Starting the journey
When taking up responsibilities at a new school, school leaders need to get things moving quickly while also taking stock in a measured way. How do you strike the right balance? Andy Homden talked to Dr. Tassos Anastasiades, who has just taken up the Directorship of Ajman Academy.
Focus and support
Anastasiades knows what he wants to achieve in a school for which he has responsibility. He also knows that that he needs to win trust and build confidence because the kind of changes needed to move a school forward will not always be easy:
“Development plans should not be over-complicated” he argues “perhaps a single page of A4” And there will be a great deal for staff to think about:
“Ultimately, an outstanding school puts students in change of their own learning. Teachers will need to take risks as they take this on board. It’s my job not only to ask people to change, but to support them as they do so”.
Leaders of learning
He makes every effort to get to know his staff quickly, identifying the people who are prepared to take a few risks sooner rather than later. He then works with them so that they can become the school’s “learning leaders”, helping their colleagues to move forward.
Five key ideas
What are the “big ideas” he wants staff to use?
“The most important is the idea of progress. Once students start making progress, then attainment takes care of itself”. It seems so simple, but there are challenges.
“People tend to be concerned with where students ought to be rather than where they actually are. If starting points for lesson planning are unrealistic, students will not make progress. External pressures make this worse of course – if there is an inspector or a visitor in the class, teachers are loath to give the impression that students are performing one or two grades below expectations.”
But if that’s where students are, he argues, better to recognise it and get on with things accordingly: “Accept the realities of the situation and move on. If you don’t you will never be able to ask students to take responsibility for their own learning. You will pitch your teaching at an inappropriate level, progress becomes all but impossible and students lose heart because they cannot see the progress they want so much”.
What about high expectations?
Does this mean abandoning high academic expectations? Anastasiades is clear:
“Not at all – quite the opposite. But high expectations must be seen in a longer-term context. Ultimately students will exceed expectations – you just have to start at the right place.”
You can see why this is hard. Teachers take their responsibilities very seriously and if the kids are having trouble, we try to do everything we can to support them. “All too often” Anastasiades suggests, ”this involves the wrong sort of support. The awful thing is that people can burn themselves out by pitching a lesson inappropriately and then finding that they have to do everything for their students as a result”.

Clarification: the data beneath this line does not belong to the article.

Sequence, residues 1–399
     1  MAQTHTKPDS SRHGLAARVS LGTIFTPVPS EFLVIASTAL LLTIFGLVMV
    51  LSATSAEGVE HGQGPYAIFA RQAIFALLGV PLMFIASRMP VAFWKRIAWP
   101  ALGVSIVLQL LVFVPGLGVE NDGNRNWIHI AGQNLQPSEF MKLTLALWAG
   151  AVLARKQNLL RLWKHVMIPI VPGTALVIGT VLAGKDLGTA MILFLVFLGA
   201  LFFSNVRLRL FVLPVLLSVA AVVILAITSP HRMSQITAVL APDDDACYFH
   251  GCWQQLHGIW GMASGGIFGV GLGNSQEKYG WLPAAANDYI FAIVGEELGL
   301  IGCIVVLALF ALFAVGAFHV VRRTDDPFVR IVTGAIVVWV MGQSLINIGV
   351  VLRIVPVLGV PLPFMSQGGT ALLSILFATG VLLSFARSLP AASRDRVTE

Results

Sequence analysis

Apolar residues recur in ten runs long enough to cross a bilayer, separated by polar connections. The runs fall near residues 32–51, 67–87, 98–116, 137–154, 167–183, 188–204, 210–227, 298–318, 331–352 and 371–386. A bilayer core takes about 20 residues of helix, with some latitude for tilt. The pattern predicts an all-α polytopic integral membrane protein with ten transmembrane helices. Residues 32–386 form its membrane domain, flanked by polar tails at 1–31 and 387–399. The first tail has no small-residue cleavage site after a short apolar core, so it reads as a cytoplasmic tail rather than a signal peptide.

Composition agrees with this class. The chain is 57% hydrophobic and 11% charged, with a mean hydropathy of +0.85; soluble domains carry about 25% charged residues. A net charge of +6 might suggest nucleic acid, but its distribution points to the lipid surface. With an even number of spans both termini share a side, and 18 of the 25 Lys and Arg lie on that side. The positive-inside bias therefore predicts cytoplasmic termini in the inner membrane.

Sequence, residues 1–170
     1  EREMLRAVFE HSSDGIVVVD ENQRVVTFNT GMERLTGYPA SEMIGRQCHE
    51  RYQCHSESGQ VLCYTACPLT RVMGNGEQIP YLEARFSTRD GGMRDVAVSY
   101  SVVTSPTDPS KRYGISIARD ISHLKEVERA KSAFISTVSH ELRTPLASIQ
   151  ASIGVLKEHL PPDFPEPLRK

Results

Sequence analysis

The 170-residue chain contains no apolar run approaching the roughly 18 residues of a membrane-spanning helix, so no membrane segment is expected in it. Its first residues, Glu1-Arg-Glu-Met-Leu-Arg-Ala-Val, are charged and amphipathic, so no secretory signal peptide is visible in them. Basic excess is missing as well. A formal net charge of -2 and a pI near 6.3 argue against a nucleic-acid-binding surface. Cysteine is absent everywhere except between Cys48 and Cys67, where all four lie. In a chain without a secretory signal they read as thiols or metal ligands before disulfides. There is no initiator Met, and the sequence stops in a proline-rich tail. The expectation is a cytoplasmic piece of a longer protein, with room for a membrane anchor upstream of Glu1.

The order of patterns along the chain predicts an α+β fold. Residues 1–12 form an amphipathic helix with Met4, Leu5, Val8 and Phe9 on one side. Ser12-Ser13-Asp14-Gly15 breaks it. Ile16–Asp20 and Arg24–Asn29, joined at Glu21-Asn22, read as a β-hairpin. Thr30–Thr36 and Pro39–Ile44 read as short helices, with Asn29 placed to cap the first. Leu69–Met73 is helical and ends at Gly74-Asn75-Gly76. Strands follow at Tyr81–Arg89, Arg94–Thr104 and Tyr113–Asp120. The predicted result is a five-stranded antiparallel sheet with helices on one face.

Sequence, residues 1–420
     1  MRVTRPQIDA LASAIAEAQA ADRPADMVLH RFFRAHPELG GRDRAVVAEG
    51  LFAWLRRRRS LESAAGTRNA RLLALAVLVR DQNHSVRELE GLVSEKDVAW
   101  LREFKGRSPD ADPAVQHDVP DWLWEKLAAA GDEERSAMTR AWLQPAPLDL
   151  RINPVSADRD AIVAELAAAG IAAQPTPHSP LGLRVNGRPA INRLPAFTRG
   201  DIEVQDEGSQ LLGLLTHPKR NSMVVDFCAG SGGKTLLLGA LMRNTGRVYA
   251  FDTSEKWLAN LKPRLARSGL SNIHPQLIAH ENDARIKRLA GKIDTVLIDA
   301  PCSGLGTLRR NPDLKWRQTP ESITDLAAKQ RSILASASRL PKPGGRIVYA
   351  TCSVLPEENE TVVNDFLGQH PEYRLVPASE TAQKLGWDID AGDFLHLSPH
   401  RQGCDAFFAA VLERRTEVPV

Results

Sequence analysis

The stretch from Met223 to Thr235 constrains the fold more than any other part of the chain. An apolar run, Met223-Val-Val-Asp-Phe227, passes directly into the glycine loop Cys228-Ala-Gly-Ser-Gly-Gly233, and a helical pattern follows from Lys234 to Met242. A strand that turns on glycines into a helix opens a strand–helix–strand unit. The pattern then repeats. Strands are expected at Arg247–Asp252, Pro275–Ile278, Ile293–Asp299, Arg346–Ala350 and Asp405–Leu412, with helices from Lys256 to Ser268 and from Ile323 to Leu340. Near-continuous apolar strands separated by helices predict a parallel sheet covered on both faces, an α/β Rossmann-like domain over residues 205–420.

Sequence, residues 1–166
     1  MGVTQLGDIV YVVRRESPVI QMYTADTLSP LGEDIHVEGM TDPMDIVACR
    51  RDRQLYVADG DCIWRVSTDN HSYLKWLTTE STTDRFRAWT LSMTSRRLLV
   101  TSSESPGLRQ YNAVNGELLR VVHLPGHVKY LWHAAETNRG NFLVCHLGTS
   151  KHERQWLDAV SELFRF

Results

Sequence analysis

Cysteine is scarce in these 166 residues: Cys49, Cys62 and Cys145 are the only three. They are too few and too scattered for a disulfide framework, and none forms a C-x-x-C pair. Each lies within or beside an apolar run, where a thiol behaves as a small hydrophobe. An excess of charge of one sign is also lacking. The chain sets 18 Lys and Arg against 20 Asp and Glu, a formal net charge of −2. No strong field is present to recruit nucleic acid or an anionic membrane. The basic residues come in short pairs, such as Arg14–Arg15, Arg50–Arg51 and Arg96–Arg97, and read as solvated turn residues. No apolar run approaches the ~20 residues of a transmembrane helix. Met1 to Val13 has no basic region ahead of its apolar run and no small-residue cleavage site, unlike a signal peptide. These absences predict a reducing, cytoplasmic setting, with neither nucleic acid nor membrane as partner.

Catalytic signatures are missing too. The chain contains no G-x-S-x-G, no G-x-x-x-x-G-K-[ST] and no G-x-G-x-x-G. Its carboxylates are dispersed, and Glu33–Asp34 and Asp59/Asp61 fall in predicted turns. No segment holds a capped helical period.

Having accepted the importance of progress, and the need for realistic starting points in order to make effective learning interventions, Anastasiades wants people to track student progress accurately.
“For this” he suggests, “regular, varied assessment is necessary. Different kinds of assessment will give you different data, and this is important. It’s a question of using the results to triangulate the student’s position in relation to where she or he started, so that the most effective intervention can be planned, and thus enabling further progress to be made. Once this process is embedded, the rate of progress is accelerated until, ultimately, expectations are exceeded.”
Turning teaching into learning
It is not always easy: “There are two problems Anastasiades suggests. First, staff need to reconceptualise the idea of how they must teach, and this is tough. Secondly, they must also accept that students in any given class can be at very different points in their learning and have to be supported differently– that’s just the way it is. These difficulties are offset, however, by ensuring assessment and data tracking systems are as simple as they can be. ”
Once everyone – and by this he means everyone, including students – understands the central importance of “progress” and when effective tracking is embedded, he argues that students can start to take responsibility for their own learning:
“They become aware of what they don’t know and will plan what they have to do to move forward”
They have to be allowed the space to do so and the role of the teacher begins to change.
“Once most of the students are aware of their own learning needs and are taking responsibility for them, a school can start to consider itself to be outstanding”
He ought to know. He’s been there before, and if we don’t want to take his word for it, objective – and even critical – observers have passed judgements that shows that in the real world this works.
“If staff are prepared to have faith, struggle a little with the conceptual adjustments needed and then put their trust in the students themselves I believe a school has every chance of becoming ‘outstanding’ – and the whole process must start as soon as possible”.
Dr. Tassos Anastasiades was speaking to ITM’s Andy Homden
Dr. Anastasiades is speaking at the Ed Ex Mena K-12 Leaders Forum in Dubai during EdEx Mena at the Conrad Hotel Dubai, November 21 – 24 2016
Read this report created by PwC. It is a series of infographics providing a country by country overview of the education sector in the GCC.
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